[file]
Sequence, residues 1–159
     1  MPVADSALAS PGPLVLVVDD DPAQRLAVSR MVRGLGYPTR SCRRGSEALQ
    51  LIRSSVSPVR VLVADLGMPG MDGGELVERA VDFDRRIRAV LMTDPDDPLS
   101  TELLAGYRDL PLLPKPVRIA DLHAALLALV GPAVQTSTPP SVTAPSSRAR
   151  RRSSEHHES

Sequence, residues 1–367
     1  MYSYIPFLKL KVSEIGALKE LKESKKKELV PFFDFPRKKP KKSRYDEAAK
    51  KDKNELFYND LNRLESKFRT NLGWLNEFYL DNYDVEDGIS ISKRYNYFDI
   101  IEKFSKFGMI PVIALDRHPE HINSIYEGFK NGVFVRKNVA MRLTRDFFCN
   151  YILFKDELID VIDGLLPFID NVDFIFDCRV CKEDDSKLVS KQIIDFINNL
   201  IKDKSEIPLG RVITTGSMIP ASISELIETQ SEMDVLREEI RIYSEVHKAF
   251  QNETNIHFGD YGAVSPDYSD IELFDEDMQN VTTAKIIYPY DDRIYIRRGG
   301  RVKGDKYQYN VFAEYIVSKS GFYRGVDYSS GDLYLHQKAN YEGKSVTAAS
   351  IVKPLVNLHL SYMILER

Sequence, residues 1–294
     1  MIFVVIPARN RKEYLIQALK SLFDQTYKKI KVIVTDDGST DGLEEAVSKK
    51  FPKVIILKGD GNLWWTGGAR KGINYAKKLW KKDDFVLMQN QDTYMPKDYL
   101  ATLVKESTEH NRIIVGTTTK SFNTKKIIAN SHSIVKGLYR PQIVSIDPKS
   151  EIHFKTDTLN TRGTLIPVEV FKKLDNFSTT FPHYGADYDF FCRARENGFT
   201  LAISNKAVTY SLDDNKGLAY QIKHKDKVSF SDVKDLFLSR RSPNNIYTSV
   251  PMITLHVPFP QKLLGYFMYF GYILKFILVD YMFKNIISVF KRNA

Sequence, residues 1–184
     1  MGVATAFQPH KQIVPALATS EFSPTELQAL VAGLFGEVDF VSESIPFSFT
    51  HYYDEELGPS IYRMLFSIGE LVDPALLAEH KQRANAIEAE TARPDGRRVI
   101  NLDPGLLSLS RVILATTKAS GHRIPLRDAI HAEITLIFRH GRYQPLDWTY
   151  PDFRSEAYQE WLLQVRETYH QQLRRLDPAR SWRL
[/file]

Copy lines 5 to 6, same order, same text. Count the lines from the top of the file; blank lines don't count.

   151  RRSSEHHES

Sequence, residues 1–367